A few days removed from the Christmas Break and the Democratic race for the presidential nomination is as tight as ever.
In a recently released Bloomberg/LA Time's poll, Sen, Hillary Clinton was up three percentage points in Iowa over rival Sen. Barack Obama, 29 percent to 26 percent respectively. The two were closely trailed by former Sen. John Edwards, who registered with 25 percent support in the first-in-the-nation state.
In New Hampshire, which follows Iowa on the electoral map, Obama finds himself in the lead with 32 percent to Clinton's 30 percent. Edwards trailed the bunch with 18 percent support. In both states Obama and Clinton are within the survey's margin of error.
"Democratic voters are having a conversation with themselves on what they want more in this election,'' says Susan Pinkus, the Los Angeles Times polling director. ``If they choose Obama it's about personal characteristics, whereas for Clinton it's her leadership on issues.''
The findings provide a stark contrast to a recent American Research Group poll which showed the New York Senator with a 15 percentage point lead over her Democratic counterparts. The findings of the ARG study were called into question in part because of the survey's methodology (addressed, in depth, here) but mainly because it showed such a deviation from the normal polling trends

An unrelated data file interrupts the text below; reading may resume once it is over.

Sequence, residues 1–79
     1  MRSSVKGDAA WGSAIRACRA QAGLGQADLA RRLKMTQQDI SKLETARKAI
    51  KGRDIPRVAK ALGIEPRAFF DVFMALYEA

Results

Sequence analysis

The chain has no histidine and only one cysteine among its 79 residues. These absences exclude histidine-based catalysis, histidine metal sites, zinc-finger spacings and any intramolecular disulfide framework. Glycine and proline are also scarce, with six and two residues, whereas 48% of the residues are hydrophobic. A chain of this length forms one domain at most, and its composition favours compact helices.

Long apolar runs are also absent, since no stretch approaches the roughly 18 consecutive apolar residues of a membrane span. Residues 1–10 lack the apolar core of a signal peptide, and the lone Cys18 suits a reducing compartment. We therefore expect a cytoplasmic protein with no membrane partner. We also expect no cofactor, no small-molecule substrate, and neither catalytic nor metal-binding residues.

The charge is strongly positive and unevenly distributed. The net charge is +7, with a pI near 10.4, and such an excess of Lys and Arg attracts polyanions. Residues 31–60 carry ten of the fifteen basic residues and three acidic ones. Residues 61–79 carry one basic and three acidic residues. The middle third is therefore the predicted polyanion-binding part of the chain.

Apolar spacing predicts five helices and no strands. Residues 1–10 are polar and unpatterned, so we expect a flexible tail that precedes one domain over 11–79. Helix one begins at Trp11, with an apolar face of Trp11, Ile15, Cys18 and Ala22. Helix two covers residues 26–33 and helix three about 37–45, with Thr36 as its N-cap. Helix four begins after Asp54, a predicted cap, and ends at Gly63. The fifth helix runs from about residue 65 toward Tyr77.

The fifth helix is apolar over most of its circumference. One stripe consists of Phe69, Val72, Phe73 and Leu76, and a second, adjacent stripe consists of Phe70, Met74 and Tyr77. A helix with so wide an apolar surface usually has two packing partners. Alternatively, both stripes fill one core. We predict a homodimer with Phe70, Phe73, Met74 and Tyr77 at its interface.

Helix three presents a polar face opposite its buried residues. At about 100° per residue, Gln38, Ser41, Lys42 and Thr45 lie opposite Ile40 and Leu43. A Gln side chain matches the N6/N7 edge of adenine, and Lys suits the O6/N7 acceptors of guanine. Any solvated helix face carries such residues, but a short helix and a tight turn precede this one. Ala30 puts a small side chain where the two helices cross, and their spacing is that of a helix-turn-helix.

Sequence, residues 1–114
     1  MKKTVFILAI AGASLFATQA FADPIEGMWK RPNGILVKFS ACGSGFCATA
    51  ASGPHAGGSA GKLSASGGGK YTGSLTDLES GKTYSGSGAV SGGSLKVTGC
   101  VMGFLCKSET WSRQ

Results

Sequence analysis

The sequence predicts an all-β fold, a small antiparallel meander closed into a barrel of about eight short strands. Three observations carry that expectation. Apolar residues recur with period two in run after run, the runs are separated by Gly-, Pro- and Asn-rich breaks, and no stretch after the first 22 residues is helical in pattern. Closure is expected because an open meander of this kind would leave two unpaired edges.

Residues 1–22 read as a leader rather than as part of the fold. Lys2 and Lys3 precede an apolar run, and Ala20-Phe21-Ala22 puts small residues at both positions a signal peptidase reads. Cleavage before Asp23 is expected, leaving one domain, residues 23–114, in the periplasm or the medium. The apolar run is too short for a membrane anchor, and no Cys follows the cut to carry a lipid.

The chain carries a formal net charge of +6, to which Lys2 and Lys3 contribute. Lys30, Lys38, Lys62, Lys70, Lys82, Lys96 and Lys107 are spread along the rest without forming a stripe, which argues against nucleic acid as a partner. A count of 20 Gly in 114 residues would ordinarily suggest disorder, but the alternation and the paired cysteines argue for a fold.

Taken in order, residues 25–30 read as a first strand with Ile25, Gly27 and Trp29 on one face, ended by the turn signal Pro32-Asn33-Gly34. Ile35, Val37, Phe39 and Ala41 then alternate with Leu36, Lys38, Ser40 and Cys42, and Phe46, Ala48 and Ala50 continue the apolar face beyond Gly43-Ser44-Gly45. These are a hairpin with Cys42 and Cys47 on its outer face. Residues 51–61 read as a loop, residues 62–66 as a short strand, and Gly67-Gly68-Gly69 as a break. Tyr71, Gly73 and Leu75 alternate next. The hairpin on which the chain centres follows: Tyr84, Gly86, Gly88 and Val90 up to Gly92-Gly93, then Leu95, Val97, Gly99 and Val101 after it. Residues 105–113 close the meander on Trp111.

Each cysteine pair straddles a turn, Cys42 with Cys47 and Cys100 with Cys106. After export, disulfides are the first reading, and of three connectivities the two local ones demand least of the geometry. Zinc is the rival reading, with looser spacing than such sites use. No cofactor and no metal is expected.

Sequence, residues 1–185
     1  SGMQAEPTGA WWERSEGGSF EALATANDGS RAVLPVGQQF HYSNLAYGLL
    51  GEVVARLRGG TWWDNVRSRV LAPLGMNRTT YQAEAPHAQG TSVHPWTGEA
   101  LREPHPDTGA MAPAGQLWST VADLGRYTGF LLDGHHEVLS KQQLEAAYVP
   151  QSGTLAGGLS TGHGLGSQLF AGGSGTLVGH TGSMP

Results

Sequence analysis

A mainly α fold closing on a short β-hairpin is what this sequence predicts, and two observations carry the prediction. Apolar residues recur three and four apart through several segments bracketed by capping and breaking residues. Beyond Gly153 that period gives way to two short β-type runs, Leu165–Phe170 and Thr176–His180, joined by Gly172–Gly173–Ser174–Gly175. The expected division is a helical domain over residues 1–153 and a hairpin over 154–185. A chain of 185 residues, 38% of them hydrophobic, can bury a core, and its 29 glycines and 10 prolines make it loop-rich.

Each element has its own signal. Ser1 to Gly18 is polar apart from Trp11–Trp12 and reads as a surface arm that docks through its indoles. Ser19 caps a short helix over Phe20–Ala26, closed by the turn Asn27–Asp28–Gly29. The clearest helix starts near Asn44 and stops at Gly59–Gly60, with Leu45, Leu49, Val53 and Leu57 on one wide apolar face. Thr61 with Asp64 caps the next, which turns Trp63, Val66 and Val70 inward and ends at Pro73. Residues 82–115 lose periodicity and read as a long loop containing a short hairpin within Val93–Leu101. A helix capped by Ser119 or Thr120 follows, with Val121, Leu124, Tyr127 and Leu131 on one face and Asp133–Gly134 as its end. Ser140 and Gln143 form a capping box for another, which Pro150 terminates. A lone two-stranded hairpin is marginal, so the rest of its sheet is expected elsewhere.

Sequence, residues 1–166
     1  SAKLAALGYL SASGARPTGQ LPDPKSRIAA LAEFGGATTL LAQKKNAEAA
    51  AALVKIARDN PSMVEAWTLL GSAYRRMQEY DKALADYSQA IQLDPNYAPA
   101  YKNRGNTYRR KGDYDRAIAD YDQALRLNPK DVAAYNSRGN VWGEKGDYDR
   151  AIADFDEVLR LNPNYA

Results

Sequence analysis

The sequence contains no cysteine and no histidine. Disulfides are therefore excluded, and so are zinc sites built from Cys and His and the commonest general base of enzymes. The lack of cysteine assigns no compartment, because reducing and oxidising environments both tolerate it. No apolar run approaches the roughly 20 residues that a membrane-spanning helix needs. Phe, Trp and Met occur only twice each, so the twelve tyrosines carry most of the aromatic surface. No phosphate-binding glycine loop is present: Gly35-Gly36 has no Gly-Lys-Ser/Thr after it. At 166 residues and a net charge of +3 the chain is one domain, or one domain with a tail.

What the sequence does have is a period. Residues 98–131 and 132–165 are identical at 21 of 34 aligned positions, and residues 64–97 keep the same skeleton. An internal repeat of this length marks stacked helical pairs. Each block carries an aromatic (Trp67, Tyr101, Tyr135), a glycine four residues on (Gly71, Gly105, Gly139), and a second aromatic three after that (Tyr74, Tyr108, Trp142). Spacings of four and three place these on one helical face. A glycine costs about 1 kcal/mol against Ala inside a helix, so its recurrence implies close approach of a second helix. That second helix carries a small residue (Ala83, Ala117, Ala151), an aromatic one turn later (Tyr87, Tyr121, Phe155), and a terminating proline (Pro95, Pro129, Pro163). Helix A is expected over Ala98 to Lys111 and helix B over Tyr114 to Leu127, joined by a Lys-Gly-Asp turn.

The Bloomberg/LA Times poll, which was conducted before and after, but not during, Christmas, shows that Iowa and New Hampshire voters view Clinton as the most experienced and qualified, but also the least honest of the Democratic presidential candidates. Obama, in contrast, is viewed as the more honest candidate and an agent of change but scores poor marks on experience. In Iowa, Edwards received higher marks than Clinton for candor and integrity but did not match up with Obama on "most personal traits or as Clinton on most of the policy issues."
The poll was conducted before Thursday's assassination of former Pakistan Prime Minister Benazir Bhutto.
On the Republican side, the Bloomberg/LA Times poll shows a presidential race in disarray. In Iowa, former Arkansas Gov. Mike Huckabee has 37 percent support among voters, polling fourteen percentage points ahead of former Massachusetts Gov. Mitt Romney. In New Hampshire, however, Romney has opened up a 13-percentage point margin with Arizona Senator John McCain, 34 percent to 21 percent respectively.
Religion, not surprisingly, is playing a major role. As the survey's authors note:
In Iowa, Republicans by almost 3 to 1 say Huckabee's religious beliefs are a positive factor. Almost half of these Iowa voters say Romney's Mormon faith is a negative."